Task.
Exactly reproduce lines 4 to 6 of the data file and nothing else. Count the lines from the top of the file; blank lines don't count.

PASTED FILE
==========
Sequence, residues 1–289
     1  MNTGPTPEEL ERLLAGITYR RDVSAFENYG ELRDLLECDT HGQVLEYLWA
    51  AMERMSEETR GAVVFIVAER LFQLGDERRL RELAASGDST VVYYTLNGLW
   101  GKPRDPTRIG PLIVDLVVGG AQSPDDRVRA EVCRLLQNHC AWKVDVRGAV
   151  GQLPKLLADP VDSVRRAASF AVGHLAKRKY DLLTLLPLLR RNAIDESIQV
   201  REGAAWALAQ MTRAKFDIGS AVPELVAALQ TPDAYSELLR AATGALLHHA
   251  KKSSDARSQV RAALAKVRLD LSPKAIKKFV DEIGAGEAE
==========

   101  GKPRDPTRIG PLIVDLVVGG AQSPDDRVRA EVCRLLQNHC AWKVDVRGAV
   151  GQLPKLLADP VDSVRRAASF AVGHLAKRKY DLLTLLPLLR RNAIDESIQV
   201  REGAAWALAQ MTRAKFDIGS AVPELVAALQ TPDAYSELLR AATGALLHHA